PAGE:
Hector Sanchez Castaneda
Isla Vista Beat Reporter
Isla Vista residents will vote this upcoming November on whether or not they want a Community Services District (CSD) to be formed in the area. Some potential voters, however, are current University of California, Santa Barbara freshmen — arguably some of the least informed on the local political developments of IV. UCSB history professor Dr. Alice O’Connor is looking to change that.
After incorporating a section regarding recent events in IV’s self-governance status into her “The History of the Present” (HIST 5) class last quarter, O’Connor decided that she had enough material for a stand-alone seminar.
“I decided that this would be the basis of a more extended class that would make a good freshman seminar,” O’Connor said. “The idea there was not only to inform them, but to kind of prepare them to participate.”
The seminar, titled INT 94SE, meets every Monday from 1:00-1:50 PM. O’Connor has taught a few sessions of seminar so far, and she’s had her students read up on the legal language of the bill looking to form a CSD.
“We’ve focused so far mostly on the kind of nuts and bolts of AB 3 and how it came about,” O’Connor said. “The first session was sort of setting the stage, and then [for] our second meeting they had done background reading on AB 3, how we got there, what the issues were that sort of brought things to the fore. Including not just the episodes of violence, not just the shootings, not just the so called riots, but also all the things that have happened in terms of the loss of revenue to do any planning in IV, and the long term problems of infrastructure.”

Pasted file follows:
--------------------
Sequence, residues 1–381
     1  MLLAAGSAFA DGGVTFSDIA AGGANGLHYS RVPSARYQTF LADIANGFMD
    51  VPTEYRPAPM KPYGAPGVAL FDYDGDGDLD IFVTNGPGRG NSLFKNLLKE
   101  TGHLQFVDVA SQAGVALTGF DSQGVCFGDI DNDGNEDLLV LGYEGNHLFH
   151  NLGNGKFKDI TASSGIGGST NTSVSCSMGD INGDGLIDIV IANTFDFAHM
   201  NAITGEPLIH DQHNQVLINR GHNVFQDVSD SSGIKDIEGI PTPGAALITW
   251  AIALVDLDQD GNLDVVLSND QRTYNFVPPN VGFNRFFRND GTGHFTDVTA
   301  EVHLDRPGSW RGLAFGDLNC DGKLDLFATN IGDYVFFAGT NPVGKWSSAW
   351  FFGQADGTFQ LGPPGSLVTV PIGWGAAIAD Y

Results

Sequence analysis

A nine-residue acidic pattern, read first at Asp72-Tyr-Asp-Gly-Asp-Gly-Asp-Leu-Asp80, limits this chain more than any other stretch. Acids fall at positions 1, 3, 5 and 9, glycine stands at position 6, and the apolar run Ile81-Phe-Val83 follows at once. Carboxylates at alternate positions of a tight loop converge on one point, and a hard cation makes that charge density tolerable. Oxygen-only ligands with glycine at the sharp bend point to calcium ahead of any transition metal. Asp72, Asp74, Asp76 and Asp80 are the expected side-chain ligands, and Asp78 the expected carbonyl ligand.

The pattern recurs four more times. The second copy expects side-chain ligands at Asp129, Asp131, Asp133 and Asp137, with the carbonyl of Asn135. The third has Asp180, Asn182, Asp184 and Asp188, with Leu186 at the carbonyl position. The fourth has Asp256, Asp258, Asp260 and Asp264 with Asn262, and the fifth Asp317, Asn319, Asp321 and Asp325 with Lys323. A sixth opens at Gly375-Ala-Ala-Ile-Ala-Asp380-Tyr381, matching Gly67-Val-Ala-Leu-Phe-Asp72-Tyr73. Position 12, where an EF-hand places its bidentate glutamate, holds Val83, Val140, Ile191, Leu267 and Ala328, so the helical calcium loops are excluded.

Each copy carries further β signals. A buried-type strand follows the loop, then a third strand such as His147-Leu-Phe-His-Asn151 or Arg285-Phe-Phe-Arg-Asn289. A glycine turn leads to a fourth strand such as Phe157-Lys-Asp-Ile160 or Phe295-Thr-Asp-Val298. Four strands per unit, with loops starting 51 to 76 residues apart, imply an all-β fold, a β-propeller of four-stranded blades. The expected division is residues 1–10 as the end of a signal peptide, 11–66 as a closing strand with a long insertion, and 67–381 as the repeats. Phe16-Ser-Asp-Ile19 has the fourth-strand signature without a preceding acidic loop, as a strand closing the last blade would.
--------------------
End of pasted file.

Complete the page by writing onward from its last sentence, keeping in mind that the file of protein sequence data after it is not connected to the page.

O’Connor is using various sources as reading material for her class, including Isla Vista: A Citizen’s History by Carmen Lodise, but pointed out that there is no general pool of information for those looking for it.
“A project I’m hoping to do is to hire a couple of grad students to help to put together a kind of annotated bibliography of all the resources there are,” O’Connor said. “I mean there is a website about IV where you can see references to all these things, there’s a special collections in our library, there are books on IV [and] reports on IV in the library, but there really isn’t a one single kind of comprehensive guide.”
When asked if the class aims to advocate for or against a CSD, O’Connor said that swaying her students to a particular conclusion is not her objective.
“The class is about … giving them the tools that they’re going to need to participate in the debate as opposed to advocating for one side or the other,” O’Connor said. “I’m trying to frame it a little less as only the CSD and a little bit more about getting to the issues that a CSD will supposedly [or] is being set up to address.”
Some of the issues her class will deal with include the relationship between UCSB Associated Students and IV self-governance, racial demographics involved in the political process and how history has recorded IV’s struggle for self-governance.
O’Connor gave an example of how the riots and burning of the Bank of America in 1970 were more than just protests against the war.
“They are often framed as, broadly, civil disobedience,” O’Connor said. “And they definitely were … but they were also very much about these issues of them having no say in things like how IV is mapped and zoned, and what regulations are brought to bear on landlords and things like parking. Those protests were as much about the lack of self-governance as they were about the bigger issues at the time.”
At the end the quarter, students will be required to give a presentation on how they think a topic of their choice can be resolved by a CSD — if at all.
“Their main assignment is to say what have you learned about this issue and … how would you relate this what the CSD is supposed to do,” O’Connor said. “Would you say, having done more investigation, that this move towards a governance structure is a step towards resolving this. And if so, what would you want to say to the people forming the CSD needs to be on the agenda.”